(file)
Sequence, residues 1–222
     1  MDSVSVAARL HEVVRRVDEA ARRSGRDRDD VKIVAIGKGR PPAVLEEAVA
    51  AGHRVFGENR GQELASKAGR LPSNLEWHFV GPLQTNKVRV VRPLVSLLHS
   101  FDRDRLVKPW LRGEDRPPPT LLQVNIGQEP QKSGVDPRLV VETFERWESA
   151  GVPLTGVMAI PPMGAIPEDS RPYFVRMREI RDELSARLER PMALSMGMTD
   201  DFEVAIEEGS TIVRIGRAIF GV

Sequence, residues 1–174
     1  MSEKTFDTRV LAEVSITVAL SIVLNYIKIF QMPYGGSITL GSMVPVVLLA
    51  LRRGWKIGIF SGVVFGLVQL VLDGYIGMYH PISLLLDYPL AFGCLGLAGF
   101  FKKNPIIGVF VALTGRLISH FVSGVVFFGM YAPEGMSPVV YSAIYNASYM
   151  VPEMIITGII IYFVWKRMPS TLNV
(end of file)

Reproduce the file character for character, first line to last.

Sequence, residues 1–222
     1  MDSVSVAARL HEVVRRVDEA ARRSGRDRDD VKIVAIGKGR PPAVLEEAVA
    51  AGHRVFGENR GQELASKAGR LPSNLEWHFV GPLQTNKVRV VRPLVSLLHS
   101  FDRDRLVKPW LRGEDRPPPT LLQVNIGQEP QKSGVDPRLV VETFERWESA
   151  GVPLTGVMAI PPMGAIPEDS RPYFVRMREI RDELSARLER PMALSMGMTD
   201  DFEVAIEEGS TIVRIGRAIF GV

Sequence, residues 1–174
     1  MSEKTFDTRV LAEVSITVAL SIVLNYIKIF QMPYGGSITL GSMVPVVLLA
    51  LRRGWKIGIF SGVVFGLVQL VLDGYIGMYH PISLLLDYPL AFGCLGLAGF
   101  FKKNPIIGVF VALTGRLISH FVSGVVFFGM YAPEGMSPVV YSAIYNASYM
   151  VPEMIITGII IYFVWKRMPS TLNV